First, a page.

Annotation issues at runtime

Idiomatic use of type annotations can sometimes run up against what a given version of Python considers legal code. This section describes these scenarios and explains how to get your code running again. Generally speaking, we have three tools at our disposal:

  • Use of from __future__ import annotations (PEP 563) (this behaviour may eventually be made the default in a future Python version)

  • Use of string literal types or type comments

  • Use of typing.TYPE_CHECKING

We provide a description of these before moving onto discussion of specific problems you may encounter.

String literal types and type comments

Mypy allows you to add type annotations using # type: type comments. For example:

a = 1  # type: int

def f(x):  # type: (int) -> int
    return x + 1

# Alternative type comment syntax for functions with many arguments
def send_email(
     address,     # type: Union[str, List[str]]
     sender,      # type: str
     cc,          # type: Optional[List[str]]
     body=None    # type: List[str]
    # type: (...) -> bool

Type comments can’t cause runtime errors because comments are not evaluated by Python.

In a similar way, using string literal types sidesteps the problem of annotations that would cause runtime errors.

Any type can be entered as a string literal, and you can combine string-literal types with non-string-literal types freely:

def f(a: list['A']) -> None: ...  # OK, prevents NameError since A is defined later
def g(n: 'int') -> None: ...      # Also OK, though not useful

class A: pass

String literal types are never needed in # type: comments and stub files.

String literal types must be defined (or imported) later in the same module. They cannot be used to leave cross-module references unresolved. (For dealing with import cycles, see Import cycles.)

Future annotations import (PEP 563)

Many of the issues described here are caused by Python trying to evaluate annotations. Future Python versions (potentially Python 3.12) will by default no longer attempt to evaluate function and variable annotations. This behaviour is made available in Python 3.7 and later through the use of from __future__ import annotations.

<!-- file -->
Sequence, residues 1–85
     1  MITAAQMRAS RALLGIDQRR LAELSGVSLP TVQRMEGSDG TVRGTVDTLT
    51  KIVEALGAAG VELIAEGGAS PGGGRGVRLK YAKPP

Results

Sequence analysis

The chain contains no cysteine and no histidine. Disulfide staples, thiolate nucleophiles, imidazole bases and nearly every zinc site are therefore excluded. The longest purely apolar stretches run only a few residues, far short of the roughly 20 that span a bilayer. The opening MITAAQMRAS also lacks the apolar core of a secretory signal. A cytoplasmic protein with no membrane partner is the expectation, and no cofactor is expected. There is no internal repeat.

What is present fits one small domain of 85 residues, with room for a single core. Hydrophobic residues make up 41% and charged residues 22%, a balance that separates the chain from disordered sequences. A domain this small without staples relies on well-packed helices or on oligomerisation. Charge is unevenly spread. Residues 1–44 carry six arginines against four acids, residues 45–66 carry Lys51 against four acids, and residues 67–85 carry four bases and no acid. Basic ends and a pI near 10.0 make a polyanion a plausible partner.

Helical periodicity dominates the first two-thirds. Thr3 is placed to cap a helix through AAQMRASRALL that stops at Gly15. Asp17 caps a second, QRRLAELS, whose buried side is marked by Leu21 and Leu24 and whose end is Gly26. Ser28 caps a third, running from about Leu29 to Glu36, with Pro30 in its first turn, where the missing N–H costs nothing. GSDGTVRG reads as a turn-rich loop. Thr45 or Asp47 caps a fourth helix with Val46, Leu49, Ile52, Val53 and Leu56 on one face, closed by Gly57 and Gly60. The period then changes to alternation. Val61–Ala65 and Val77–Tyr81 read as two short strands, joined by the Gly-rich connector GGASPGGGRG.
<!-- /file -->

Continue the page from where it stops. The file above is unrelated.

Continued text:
This can be thought of as automatic string literal-ification of all function and variable annotations. Note that function and variable annotations are still required to be valid Python syntax. For more details, see PEP 563.


Even with the __future__ import, there are some scenarios that could still require string literals or result in errors, typically involving use of forward references or generics in:

# base class example
from __future__ import annotations
class A(tuple['B', 'C']): ... # String literal types needed here
class B: ...
class C: ...


Some libraries may have use cases for dynamic evaluation of annotations, for instance, through use of typing.get_type_hints or eval. If your annotation would raise an error when evaluated (say by using PEP 604 syntax with Python 3.9), you may need to be careful when using such libraries.


The typing module defines a TYPE_CHECKING constant that is False at runtime but treated as True while type checking.

Since code inside if TYPE_CHECKING: is not executed at runtime, it provides a convenient way to tell mypy something without the code being evaluated at runtime. This is most useful for resolving import cycles.

Class name forward references

Python does not allow references to a class object before the class is defined (aka forward reference). Thus this code does not work as expected:

def f(x: A) -> None: ...  # NameError: name "A" is not defined
class A: ...

Starting from Python 3.7, you can add from __future__ import annotations to resolve this, as discussed earlier:

from __future__ import annotations

def f(x: A) -> None: ...  # OK
class A: ...

For Python 3.6 and below, you can enter the type as a string literal or type comment:

def f(x: 'A') -> None: ...  # OK

# Also OK
def g(x):  # type: (A) -> None

class A: ...

Of course, instead of using future annotations import or string literal types, you could move the function definition after the class definition. This is not always desirable or even possible, though.

Import cycles

An import cycle occurs where module A imports module B and module B imports module A (perhaps indirectly, e.g. A -> B -> C -> A). Sometimes in order to add type annotations you have to add extra imports to a module and those imports cause cycles that didn’t exist before. This can lead to errors at runtime like:

ImportError: cannot import name 'b' from partially initialized module 'A' (most likely due to a circular import)

If those cycles do become a problem when running your program, there’s a trick: if the import is only needed for type annotations and you’re using a) the future annotations import, or b) string literals or type comments for the relevant annotations, you can write the imports inside if TYPE_CHECKING: so that they are not executed at runtime. Example: